Let’s talk about Crystal Ball for a minute. Not the song. The album. I’ve often referred to it as Prince’s Great Vault Cleaning of 1998, but it was so much more than that. Crystal Ball could’ve (should’ve?) been the greatest album of Prince’s career. Much of what is known now as Sign ‘O’ the Times was originally slated to be a part of the triple album Crystal Ball. Let’s go back to 1986…
Prince and the Revolution had completed Parade and it was set for release in March. As was customary for Prince, he had already moved on to the next project before the last one dropped. Prince had moved in to a new home with his fiancé, Susannah Melvoin (twin sister of Revolution guitarist Wendy Melvoin), and it included an impressive studio. Prince didn’t have to leave his home to record, which was convenient because he seemed to be even more prolific than normal during this time. According to Wendy on a recent episode of the Prince Official Podcast Prince, Wendy, and pianist/keyboardist Lisa Coleman would record songs and Prince would say, “Let’s save it for Dream Factory.” Dream Factory became the album where their most unique work would go. I got the impression it was their experimental album. According to princevault.com Dream Factory underwent three different configurations in mid-1986. The final version contained many of the songs you know now from Sign ‘O’ the Times along with a handful of other songs like “Crystal Ball” and the recently released “Witness 4 the Prosecution.” In late-July of 1986 Wendy and Lisa split with Prince and Dream Factory was scrapped. Thankfully, the music was not.
Later in 1986 Prince began work on another project known as Camille. Camille was the name Prince used for the vocal effect he put on his voice to make it higher. If you’ve heard classics like “Housequake,” “If I Was Your Girlfriend,” or “Shockadelica” you know what I’m talking about. Prince was fully prepared to release the album in January 1987. It had a catalog number with Warner Brothers, a track listing, and a design for an album cover. Instead, Prince abandoned that album as well for a bigger idea.
By late-November, 1986, Prince had compiled an ambitious triple album called Crystal Ball. This project contained songs from Dream Factory and Camille, as well as a few songs that hadn’t been considered for either project including one of my favorites, “Joy in Repetition,” which wasn’t released until 1990 as part of the Graffiti Bridge soundtrack. It’s not 100% clear to me what happened to the November 1986 version of Crystal Ball. Stories I’ve heard and read over the years lead me to believe that Warner Brothers would not allow Prince to release a triple album. Instead he went back to the studio and turned his 22-track Crystal Ball in to 15 tracks. He recorded one more song, “U Got the Look,” in December, and those 16 tracks became the Sign ‘O’ the Times we all know and love now.
The song “Crystal Ball” went in to the vault until 1998 when Prince released the triple CD we all know now as Crystal Ball. The 1998 version of Crystal Ball mostly consists of vault tracks from 1985-1986 and 1993-1996 along with some remixes of previously released songs.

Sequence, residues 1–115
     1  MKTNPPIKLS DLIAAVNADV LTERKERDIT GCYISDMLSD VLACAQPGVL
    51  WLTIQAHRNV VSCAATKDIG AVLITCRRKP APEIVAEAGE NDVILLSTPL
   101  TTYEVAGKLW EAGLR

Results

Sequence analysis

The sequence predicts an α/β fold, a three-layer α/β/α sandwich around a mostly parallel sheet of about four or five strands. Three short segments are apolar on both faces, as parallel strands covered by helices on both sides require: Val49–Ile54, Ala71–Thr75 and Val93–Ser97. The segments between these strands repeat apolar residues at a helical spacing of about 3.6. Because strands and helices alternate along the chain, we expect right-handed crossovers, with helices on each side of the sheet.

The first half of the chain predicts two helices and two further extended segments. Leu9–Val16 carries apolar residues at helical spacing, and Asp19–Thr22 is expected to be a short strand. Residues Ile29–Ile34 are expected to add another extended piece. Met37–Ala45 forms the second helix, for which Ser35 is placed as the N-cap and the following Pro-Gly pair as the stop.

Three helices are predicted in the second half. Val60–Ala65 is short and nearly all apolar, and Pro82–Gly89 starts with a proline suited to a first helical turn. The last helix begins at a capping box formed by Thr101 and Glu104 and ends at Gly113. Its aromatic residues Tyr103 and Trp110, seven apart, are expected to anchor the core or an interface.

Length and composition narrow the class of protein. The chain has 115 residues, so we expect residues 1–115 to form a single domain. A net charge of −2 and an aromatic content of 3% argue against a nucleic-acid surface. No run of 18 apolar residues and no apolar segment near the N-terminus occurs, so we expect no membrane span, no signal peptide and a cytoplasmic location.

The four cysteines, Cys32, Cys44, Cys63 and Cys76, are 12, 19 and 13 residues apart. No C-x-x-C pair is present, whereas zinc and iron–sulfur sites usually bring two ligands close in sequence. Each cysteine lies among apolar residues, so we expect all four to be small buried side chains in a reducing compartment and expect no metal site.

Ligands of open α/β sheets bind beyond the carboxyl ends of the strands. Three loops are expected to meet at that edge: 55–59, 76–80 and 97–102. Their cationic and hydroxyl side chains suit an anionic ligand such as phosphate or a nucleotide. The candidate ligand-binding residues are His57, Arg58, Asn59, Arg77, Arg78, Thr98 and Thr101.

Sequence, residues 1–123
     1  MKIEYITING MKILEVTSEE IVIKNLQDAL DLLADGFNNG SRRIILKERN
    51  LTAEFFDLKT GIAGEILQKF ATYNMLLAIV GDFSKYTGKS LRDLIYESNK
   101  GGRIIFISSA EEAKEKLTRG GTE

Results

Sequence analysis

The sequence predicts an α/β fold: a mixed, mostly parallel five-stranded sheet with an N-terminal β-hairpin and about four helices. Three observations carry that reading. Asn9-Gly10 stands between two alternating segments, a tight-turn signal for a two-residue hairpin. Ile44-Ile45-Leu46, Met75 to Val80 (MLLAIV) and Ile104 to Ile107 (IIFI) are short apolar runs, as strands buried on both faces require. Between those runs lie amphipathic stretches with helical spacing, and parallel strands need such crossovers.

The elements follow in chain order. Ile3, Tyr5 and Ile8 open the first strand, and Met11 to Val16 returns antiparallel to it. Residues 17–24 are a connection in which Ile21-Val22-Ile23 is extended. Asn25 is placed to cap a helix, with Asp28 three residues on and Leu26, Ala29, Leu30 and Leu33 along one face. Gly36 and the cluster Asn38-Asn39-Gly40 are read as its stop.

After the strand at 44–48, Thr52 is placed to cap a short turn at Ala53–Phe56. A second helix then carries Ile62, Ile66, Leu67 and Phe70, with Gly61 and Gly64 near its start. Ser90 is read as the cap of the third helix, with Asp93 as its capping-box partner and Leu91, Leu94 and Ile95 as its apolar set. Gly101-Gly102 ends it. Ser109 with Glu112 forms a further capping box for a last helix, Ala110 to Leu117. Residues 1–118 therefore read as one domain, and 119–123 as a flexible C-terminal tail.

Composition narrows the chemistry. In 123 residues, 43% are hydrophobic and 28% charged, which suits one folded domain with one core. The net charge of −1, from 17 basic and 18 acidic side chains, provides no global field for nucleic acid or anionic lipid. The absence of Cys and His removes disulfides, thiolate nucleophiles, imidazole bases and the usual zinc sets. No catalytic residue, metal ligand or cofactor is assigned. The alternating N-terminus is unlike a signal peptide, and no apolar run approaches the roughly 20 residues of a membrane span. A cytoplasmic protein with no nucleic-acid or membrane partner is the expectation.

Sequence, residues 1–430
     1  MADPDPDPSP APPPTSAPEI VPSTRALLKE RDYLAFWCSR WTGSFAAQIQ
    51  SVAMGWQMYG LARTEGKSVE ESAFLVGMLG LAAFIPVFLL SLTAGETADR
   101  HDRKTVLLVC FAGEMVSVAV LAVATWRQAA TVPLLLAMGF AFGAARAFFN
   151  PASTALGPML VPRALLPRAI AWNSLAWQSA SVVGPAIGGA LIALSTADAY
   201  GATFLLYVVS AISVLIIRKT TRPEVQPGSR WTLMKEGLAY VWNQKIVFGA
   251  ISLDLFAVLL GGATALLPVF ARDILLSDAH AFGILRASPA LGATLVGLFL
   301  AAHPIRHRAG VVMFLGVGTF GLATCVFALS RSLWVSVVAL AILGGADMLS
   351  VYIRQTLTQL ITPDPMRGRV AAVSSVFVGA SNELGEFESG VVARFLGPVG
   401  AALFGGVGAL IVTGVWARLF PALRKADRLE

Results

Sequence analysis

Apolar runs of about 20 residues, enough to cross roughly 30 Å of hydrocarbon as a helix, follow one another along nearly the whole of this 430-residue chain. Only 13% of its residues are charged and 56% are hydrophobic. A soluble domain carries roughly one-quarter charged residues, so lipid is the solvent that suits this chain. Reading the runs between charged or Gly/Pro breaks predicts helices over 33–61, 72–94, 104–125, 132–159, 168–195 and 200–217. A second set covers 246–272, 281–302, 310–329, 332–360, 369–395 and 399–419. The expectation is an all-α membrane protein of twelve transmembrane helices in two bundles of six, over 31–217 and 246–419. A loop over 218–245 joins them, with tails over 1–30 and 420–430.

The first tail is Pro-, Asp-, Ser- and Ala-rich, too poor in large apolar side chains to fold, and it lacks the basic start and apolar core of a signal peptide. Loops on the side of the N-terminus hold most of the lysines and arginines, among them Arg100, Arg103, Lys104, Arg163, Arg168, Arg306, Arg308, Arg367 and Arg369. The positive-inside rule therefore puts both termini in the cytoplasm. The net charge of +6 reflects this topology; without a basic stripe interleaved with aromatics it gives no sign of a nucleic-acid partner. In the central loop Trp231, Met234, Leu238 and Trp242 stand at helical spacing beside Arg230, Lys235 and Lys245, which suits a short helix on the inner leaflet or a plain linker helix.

Speaking to Andrea Swensson recently on the Prince Official Podcast, Susannah Melvoin spoke about how she and Prince elevated each other creatively and how “Crystal Ball” was conceived in that environment. While Prince recorded Susannah worked on her art and spoke specifically of a mural in the house she created that inspired the song. Melvoin referred to “Crystal Ball” as, “The longest period of recording I’d seen him do on one song and not be frustrated by it.” The result was a sprawling 10:28 journey complete with an orchestra. It takes nearly 2:00 before you hear the Camille-distorted voice of Prince. What starts with sparse drum machine and keyboard builds over the course of several minutes. Guitar and orchestra build and Susannah Melvoin’s voice can be heard singing backup. Remember, Susannah also sang lead vocals on Prince’s underrated 1985 side project “The Family.” At one point Prince sings:
As soldiers draw swords of sorrow
My baby draws pictures of sex
All over the walls in graphic detail
I’m guessing he’s referring to the mural Susannah was working on in their house, which sounds interesting as hell. By the end of “Crystal Ball” we’re listening to classic Prince funk. What starts out with sparse drums and keys explodes into something completely different as Prince is screaming over what feels like every instrument you’ve ever heard in your life. Toward the end as it winds down Prince says
As bombs explode around you and hate advances on your right
The only thing we can be sure of is the love we make tonight
Yet another Prince reference to making love at the end of the world. With that the song starts to fade out the same way it started…then Prince hits you with one more burst of funk before he exits. “Crystal Ball” is a rollercoaster ride. It’s fun and every turn is unexpected.
“Crystal Ball” is the first track on the 1998 version of Crystal Ball and it should also be considered the centerpiece. There are some throwaway remixes and vault songs on this album, but “Crystal Ball” is a shining example of Prince’s creativity in the mid-1980’s. It should’ve seen the light of day before 1998.